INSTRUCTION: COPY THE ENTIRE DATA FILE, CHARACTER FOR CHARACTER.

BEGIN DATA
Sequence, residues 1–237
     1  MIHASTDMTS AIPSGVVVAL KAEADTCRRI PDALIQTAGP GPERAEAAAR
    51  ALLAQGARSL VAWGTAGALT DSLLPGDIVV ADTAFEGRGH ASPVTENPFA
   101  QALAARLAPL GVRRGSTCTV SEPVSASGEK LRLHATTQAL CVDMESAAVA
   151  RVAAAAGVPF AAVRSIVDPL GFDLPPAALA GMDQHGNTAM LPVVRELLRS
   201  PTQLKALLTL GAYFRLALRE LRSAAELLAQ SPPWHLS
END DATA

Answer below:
Sequence, residues 1–237
     1  MIHASTDMTS AIPSGVVVAL KAEADTCRRI PDALIQTAGP GPERAEAAAR
    51  ALLAQGARSL VAWGTAGALT DSLLPGDIVV ADTAFEGRGH ASPVTENPFA
   101  QALAARLAPL GVRRGSTCTV SEPVSASGEK LRLHATTQAL CVDMESAAVA
   151  RVAAAAGVPF AAVRSIVDPL GFDLPPAALA GMDQHGNTAM LPVVRELLRS
   201  PTQLKALLTL GAYFRLALRE LRSAAELLAQ SPPWHLS